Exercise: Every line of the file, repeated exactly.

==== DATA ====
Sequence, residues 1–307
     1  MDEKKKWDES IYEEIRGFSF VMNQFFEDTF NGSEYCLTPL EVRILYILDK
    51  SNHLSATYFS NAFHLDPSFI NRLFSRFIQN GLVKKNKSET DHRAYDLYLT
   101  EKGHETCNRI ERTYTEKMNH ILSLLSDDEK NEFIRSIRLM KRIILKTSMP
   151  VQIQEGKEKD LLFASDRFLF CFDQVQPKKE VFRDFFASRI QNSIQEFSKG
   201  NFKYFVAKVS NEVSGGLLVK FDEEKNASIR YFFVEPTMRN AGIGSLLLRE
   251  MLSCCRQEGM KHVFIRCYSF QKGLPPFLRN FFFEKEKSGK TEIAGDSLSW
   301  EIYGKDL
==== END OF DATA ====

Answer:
Sequence, residues 1–307
     1  MDEKKKWDES IYEEIRGFSF VMNQFFEDTF NGSEYCLTPL EVRILYILDK
    51  SNHLSATYFS NAFHLDPSFI NRLFSRFIQN GLVKKNKSET DHRAYDLYLT
   101  EKGHETCNRI ERTYTEKMNH ILSLLSDDEK NEFIRSIRLM KRIILKTSMP
   151  VQIQEGKEKD LLFASDRFLF CFDQVQPKKE VFRDFFASRI QNSIQEFSKG
   201  NFKYFVAKVS NEVSGGLLVK FDEEKNASIR YFFVEPTMRN AGIGSLLLRE
   251  MLSCCRQEGM KHVFIRCYSF QKGLPPFLRN FFFEKEKSGK TEIAGDSLSW
   301  EIYGKDL